This month’s Submit a Story entry, written by Meaghan Foster (LEND 2019), illustrates the continuing impact of the LEND Policy experience on our Alums and their ability to go forward to effectively advocate for fair and equitable supports and services for children with developmental disability.

Meaghan’s story:

A mother and her young son with Downs Syndrome are happily posing for a selfie.

Meaghan and Zander Foster

In the summer of 2021, when my husband and I enrolled our son Xander in a summer camp, we knew it was important to share with the staff our concerns about some recently emerging behaviors related to his limited communication and our much bigger concern, elopement. The third day of camp, our worst nightmare was realized with a phone call; Xander had been missing for 20 minutes at his lakeside camp.

You see, the week prior, Xander had eloped from our house and was gone for about 15 minutes when we called the police. He was found without injury, close to our home, just not responding to his name. This time, I knew what to do. I immediately called the police and raced to the camp. Thankfully, Xander was found safe and completely happy within the hour.

The alarming incident at camp catapulted my husband and I into researching strategies to prevent elopement. We learned about Applied Behavioral Analysis (ABA), an evidence-based intervention for teaching children positive behaviors and effectively addressing elopement. It became a high priority for me to have these services delivered in our home to address Xander’s behaviors and lack of safety awareness. After finding an organization to provide ABA therapy for Xander, we shortly discovered that Down syndrome was not a qualifying diagnosis for insurance coverage; only autism was. Appealing to the insurance company, I knew to cite peer reviewed research regarding ABA’s effectiveness with individuals with Down Syndrome and cite that every doctor I talked with endorsed its effectiveness. After many calls to local politicians, the decision was reversed for our case and our insurance company approved coverage for Xander’s ABA services. We immediately saw improvements, but worried with every reauthorization that coverage would be lost.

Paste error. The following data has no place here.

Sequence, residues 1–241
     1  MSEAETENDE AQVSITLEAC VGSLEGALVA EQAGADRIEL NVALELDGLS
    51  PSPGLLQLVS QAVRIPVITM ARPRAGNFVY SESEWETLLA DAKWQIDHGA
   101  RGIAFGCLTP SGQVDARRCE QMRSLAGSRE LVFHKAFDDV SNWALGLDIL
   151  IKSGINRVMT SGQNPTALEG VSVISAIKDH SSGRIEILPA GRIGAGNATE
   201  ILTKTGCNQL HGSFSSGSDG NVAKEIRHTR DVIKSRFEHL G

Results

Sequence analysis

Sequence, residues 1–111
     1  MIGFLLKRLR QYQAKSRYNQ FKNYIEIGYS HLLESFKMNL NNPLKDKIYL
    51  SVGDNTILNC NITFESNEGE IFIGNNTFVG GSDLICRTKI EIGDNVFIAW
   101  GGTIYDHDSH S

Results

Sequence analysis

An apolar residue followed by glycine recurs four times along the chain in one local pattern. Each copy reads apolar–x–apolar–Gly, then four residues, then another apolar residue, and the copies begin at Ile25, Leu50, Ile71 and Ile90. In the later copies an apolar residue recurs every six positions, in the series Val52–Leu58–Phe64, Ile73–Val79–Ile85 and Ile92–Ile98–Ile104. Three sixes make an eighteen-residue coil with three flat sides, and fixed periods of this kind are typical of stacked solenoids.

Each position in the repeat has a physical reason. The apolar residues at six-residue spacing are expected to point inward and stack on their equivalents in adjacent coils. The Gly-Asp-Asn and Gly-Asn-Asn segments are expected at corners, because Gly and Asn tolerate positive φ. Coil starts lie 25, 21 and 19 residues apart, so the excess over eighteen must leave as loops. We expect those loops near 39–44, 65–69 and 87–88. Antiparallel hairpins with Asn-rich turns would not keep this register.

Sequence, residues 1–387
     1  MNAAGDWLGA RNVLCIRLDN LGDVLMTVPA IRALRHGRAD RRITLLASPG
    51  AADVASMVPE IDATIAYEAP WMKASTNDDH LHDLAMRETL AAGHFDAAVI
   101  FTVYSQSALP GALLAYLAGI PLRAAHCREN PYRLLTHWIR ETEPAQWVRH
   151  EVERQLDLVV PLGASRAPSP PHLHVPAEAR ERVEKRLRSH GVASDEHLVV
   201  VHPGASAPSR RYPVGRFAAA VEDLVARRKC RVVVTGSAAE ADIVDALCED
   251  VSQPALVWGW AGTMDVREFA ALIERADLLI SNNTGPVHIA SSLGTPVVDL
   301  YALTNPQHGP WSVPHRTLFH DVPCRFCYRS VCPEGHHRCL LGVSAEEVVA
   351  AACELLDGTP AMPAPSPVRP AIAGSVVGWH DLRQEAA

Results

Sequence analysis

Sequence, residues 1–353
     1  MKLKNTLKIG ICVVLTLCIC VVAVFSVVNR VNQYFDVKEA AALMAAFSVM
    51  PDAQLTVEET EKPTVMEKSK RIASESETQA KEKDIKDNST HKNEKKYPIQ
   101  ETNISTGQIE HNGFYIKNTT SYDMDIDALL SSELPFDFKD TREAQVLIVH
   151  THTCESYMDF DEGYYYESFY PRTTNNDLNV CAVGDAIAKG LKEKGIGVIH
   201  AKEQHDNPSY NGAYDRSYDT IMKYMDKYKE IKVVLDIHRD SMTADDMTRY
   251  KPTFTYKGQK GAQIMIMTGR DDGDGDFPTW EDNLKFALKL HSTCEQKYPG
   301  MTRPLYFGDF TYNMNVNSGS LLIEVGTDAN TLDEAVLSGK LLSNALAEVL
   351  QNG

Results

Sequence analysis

My journey continued. Through my research, I found existing legislation stating that ABA needed to be covered for individuals with a diagnosis. It seemed simple; what if we just added Down syndrome to that legislation?

Drawing from my LEND experience, I knew that New Hampshire was a good place to make grassroots change. Our politicians are approachable and care to hear from their constituents. So, I talked with local politicians and made a connection with Gateway Community Service’s Legislative Liaison, who I learned was already working on this exact issue. Together we worked to find a sponsoring senator, put together testimony, and we presented SB 353 to the Health and Human Services Committee.  The senate passed the bill and it sailed through the Finance Committee. Unfortunately, the Commerce and Consumer Affairs Committee put SB 353 to interim study and will likely not pass this time round. My hope is to continue the work with legislators, build evidence regarding the benefit of ABA services for children with Down Syndrome, overcome opposition from insurance companies, and hopefully have the bill brought up again in the fall.

Thank you LEND for the knowledge and confidence to advocate and affect policy change that will improve the lives of children with different abilities, no matter what their diagnosis.

Screenshot of Meaghan Foster and her son Zander (a young boy with Downs syndrome) sitting in what looks to be a stateroom at a table, while Zander speaks into a microphone. This image is overlaying a wider shot of the committee itself at a large U shaped table arrangement..

Meaghan Foster and her son Zander testifying to the Health and Human Services Committee in April 2024.